Catching up with Liberty legend Sue Wicks.

Nothing Beats An Original

With Matt Wurst,

When forward Sue Wicks graduated from Rutgers in the late 1980's, the WNBA was not an option for her professionally. She toiled overseas for years before the WNBA gave her the chance to play in front of her friends and family as an original player in New York at the twilight of her professional career. Since her retirement, she has returned to Rutgers and works with the next generation of women's basketball players.

Sue Wicks' Career Stats
Wicks is the Liberty's all-time leader in blocked shots.
Doug Pensinger/NBAE/Getty
Q. In the ten years that you've been around the league what are the biggest differences?
"Definitely the talent. There's a lot more talent and you never know who's going to win from year to year. I mea,n when Houston started and they had that killer squad that they had, they had a pretty good idea who was going to win that year. Now there are so many great players that come in that have huge impacts. Whether it's Tamika Catchings or Diana Taurasi, there's so much talent coming into the league and making a big splash."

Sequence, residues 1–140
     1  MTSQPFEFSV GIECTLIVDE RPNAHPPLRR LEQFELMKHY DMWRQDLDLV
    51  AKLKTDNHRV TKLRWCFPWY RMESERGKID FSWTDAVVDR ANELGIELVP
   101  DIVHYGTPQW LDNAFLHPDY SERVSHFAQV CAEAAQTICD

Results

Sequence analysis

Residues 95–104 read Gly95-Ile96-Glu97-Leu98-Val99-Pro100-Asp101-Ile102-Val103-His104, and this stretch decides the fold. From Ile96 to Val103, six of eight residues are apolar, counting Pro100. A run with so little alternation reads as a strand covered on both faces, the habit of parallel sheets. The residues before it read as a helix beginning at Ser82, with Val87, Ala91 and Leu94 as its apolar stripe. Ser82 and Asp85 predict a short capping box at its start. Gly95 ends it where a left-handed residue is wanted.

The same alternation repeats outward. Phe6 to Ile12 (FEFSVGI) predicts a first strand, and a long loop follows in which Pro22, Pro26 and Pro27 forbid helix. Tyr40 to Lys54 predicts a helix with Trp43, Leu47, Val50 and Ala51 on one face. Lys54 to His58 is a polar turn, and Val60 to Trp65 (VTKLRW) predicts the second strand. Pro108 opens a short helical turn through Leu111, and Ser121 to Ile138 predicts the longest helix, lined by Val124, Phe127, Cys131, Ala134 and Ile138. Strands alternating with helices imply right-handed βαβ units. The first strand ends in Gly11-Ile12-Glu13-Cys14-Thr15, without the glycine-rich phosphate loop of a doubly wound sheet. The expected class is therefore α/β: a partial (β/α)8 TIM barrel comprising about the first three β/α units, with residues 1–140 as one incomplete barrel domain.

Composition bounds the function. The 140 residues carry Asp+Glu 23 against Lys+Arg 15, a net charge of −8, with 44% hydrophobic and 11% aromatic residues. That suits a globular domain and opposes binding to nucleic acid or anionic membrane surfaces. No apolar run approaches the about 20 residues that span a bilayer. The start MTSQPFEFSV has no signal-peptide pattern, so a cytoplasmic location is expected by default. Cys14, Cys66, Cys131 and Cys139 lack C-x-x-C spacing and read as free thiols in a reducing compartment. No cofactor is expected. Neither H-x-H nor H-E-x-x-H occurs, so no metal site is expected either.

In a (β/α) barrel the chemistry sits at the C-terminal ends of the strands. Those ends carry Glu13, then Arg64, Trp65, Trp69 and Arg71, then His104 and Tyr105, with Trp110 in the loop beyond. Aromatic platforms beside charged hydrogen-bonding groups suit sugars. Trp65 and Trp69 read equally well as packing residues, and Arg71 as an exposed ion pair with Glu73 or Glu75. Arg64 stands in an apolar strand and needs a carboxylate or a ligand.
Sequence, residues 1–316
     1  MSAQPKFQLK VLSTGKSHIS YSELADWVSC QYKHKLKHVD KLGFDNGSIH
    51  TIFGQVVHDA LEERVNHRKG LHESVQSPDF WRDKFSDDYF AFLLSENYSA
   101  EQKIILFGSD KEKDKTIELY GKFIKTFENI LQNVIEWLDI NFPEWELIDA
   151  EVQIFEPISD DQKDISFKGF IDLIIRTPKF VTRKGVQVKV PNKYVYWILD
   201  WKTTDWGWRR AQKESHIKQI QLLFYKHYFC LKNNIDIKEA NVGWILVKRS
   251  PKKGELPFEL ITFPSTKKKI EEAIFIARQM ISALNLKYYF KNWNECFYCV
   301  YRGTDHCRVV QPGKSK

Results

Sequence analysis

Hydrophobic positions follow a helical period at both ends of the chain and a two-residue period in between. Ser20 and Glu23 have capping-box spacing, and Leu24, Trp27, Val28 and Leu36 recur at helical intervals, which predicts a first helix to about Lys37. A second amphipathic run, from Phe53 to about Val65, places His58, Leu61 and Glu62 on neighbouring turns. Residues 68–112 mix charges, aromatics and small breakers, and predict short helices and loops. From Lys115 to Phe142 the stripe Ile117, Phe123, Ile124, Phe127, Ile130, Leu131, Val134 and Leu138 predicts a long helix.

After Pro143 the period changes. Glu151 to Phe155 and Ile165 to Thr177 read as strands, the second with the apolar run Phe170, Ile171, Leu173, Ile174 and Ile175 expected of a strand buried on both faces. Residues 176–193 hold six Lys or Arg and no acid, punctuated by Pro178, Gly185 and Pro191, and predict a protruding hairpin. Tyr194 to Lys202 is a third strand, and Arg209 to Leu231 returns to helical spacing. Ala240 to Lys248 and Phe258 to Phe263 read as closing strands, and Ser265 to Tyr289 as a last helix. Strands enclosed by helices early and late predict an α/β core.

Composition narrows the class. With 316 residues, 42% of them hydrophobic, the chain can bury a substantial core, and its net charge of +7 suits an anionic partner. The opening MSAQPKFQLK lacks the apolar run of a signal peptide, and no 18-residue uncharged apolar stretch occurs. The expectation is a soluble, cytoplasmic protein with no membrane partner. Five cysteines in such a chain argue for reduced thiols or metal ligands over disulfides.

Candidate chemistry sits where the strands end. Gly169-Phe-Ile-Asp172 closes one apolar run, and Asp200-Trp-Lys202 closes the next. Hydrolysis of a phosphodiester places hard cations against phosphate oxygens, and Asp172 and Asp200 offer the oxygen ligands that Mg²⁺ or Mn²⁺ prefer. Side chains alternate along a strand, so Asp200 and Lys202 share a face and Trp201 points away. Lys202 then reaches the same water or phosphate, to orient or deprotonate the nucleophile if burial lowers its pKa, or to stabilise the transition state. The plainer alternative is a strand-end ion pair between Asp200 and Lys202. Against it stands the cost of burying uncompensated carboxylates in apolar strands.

Q. What were you doing prior to the formation of the league? Were you playing overseas?
"Yeah, I was playing in Spain. Honestly, we still had to go overseas and play because we weren't making that much money, but the fact that you could play here all summer and play in the arenas and play at home in front of your family made it so special. That was what I was thinking before I came to play, and it just became the biggest part of my life when I was in it. Initially I thought, oh, I'll play in the summer and make a couple of extra dollars or I'll play in the summer and keep in shape. But it wasn't the same. It was what you lived for."

Q. How often do you re-live some of those favorite memories?
"I mean, I don't see Spoon and say 'Remember when you hit that shot at mid-court?' It's more like you talk about the times when we almost cried and how we kept it together. I think those are the critical moments. You watch the NBA Finals and all that stuff and you know when someone cracks and when they break, because you can see the symptoms of it coming on. As an athlete, when we play, these are like big, huge moments. It's not the huge shots you remember, its when you pull together in the locker, when someone grabs someone and says calm down, and the New York Liberty was always very good at that. Those are the moments you'll always remember, because there's something very comical about them, but also very serious about them. So we'll joke about those moments."

Q. In those early training camps, did you think the WNBA would last as long as it did?